The hero of this book, written by Richard Bach, is a young seagull who is not content with the life his society (The Breakfast Flock) leads. Rather than flying to simply obtain food, and hugging the shore, as they do, he flies for the pure joy of the experience, pushing his limitations back, and travelling higher and further all the time.

Over time, he is ostracised, becomes a cult figure and a sensei, and finally reaches enlightenment and a higher plane of being.

The book is beautifully illustrated with photographs of gulls flying, and there was also a film, for which Neil Diamond provided the music.

It is an enjoyable and yet spiritual book, with a positive, if simplistic, message -- that we can all achieve what we want to, if only we are prepared to risk and reach for it and keep trying, despite setbacks.

It is wonderful to read aloud too, and was my daughter's favourite bedtime story before she learned to read.

I have a box where I keep things that for largely sentimental reasons I'd rather not throw away. I say that because there are some things that while I do not necessarily wish to keep, I also cannot part with.

I own one paper back copy of Jonathan Livingston Seagull. The binding has all but come undone. At this point the front and back covers only act to keep together loose pieces of paper. The first time I read it I first had to make sure that not only were all the pages in order but that all the pages were present.

I cannot remember exactly when I got it; sometime in the blur that is the first half of high school. While sorting through boxes that have been packed away and moved from place to place since before I was born my father pulled out a mortar and pestle that seemed to mean a lot to him and this book. He handed it to me while saying that it had really impacted him when he read it. It's one of the few things he has ever directly given to me and the only book he has ever recommended. He didn't elaborate.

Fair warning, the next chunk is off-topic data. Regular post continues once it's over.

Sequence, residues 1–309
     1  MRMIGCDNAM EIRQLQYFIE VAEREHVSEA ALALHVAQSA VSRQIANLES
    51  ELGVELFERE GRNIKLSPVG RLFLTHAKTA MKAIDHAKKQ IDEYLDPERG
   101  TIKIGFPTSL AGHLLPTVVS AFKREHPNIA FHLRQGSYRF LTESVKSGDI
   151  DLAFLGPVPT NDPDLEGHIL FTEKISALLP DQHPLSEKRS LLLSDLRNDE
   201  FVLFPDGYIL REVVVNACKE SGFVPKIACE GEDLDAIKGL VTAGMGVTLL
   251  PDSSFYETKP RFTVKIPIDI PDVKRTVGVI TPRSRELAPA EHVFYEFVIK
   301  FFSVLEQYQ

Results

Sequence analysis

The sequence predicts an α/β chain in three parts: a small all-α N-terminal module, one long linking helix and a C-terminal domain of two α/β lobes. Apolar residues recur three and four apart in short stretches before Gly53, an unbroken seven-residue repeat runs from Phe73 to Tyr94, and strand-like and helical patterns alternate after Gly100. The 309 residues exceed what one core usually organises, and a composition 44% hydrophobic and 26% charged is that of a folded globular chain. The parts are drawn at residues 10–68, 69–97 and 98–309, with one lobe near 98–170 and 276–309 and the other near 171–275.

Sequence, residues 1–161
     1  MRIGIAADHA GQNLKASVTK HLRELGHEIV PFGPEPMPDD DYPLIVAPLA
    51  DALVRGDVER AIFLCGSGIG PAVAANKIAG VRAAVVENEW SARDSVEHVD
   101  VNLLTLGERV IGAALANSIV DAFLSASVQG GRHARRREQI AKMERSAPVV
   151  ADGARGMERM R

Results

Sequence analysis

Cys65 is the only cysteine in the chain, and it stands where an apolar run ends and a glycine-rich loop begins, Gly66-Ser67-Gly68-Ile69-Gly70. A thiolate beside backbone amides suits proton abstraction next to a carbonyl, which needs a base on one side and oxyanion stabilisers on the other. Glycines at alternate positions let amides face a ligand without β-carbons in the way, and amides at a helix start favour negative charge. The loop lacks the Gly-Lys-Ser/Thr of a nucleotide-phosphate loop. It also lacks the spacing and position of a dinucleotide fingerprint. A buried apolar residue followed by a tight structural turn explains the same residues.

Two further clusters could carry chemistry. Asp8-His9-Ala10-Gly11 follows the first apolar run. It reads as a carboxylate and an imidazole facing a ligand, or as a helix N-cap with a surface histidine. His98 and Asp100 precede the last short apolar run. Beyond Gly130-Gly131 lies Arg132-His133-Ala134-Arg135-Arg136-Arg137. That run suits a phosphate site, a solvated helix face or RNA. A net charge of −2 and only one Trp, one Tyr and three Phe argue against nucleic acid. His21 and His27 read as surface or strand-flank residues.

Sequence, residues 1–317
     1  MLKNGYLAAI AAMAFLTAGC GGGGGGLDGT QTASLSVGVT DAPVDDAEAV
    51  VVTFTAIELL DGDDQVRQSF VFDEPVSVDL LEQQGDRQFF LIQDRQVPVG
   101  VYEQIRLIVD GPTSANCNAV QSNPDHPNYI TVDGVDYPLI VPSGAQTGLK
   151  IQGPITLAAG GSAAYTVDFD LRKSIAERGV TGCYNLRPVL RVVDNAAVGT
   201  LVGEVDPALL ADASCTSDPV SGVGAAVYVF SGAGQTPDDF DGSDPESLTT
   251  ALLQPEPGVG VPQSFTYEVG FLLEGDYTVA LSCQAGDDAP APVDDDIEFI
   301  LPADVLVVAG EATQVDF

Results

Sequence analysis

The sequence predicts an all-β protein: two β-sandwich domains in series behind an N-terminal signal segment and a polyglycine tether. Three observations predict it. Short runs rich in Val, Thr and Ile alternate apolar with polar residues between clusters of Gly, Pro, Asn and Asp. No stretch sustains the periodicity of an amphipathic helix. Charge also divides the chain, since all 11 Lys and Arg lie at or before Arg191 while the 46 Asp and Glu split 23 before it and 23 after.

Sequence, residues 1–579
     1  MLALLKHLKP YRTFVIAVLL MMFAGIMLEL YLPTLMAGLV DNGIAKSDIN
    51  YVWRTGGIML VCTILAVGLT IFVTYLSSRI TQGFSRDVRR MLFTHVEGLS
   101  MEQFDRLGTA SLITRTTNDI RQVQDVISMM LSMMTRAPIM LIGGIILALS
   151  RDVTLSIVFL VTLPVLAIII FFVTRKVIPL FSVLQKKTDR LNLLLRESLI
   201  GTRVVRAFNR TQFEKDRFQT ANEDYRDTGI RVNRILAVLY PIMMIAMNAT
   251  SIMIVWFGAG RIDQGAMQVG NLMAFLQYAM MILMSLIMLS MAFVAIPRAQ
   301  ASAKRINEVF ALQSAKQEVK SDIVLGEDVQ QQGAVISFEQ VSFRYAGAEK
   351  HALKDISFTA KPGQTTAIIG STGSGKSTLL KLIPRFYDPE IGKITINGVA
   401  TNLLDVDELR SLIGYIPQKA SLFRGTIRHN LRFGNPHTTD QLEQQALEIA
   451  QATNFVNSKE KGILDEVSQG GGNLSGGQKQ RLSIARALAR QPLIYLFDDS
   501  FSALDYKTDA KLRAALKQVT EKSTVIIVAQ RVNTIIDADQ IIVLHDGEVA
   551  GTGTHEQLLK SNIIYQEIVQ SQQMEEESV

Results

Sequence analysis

At the time I spent most of my free time reading. Even I only vaguely knew it was a form of escapism, most people just assumed it was a passionate hobby. To this day I think that was the only time he tried to reach out to me within my own hobbies. Even at the time I recognized that.

For those who have not read it, it's a story of a seagull with higher aspirations than the day to day struggle of living. Given a seagull's rather limited life opportunities Jonathan pursues the joy and purity of flight. He is ignored, bullied, and ostracized. He finds peace in isolation and refines his craft. Later he literally ascends to a higher plane of existence where he is given a new body better designed for flight, a new flock of seagulls who better understand him, and a teacher. In the end he returns to his old life, his old flock, to be a teacher in his own right.

I was older before I really began to understand that my father was profoundly disappointed in his life. Life happened, pushing him from place to place, shaving away the number of options available to him. And all the while he cradled the shattered remains of the dreams he once had.

The book is ultimately about acceptance and growth but I don't know if he ever emotionally got passed the chasing of a dream. I wonder now if in handing over that book he was not only trying to share something with me but also passing a baton. I don't know and this is now just another question I can never, will never ask my father.

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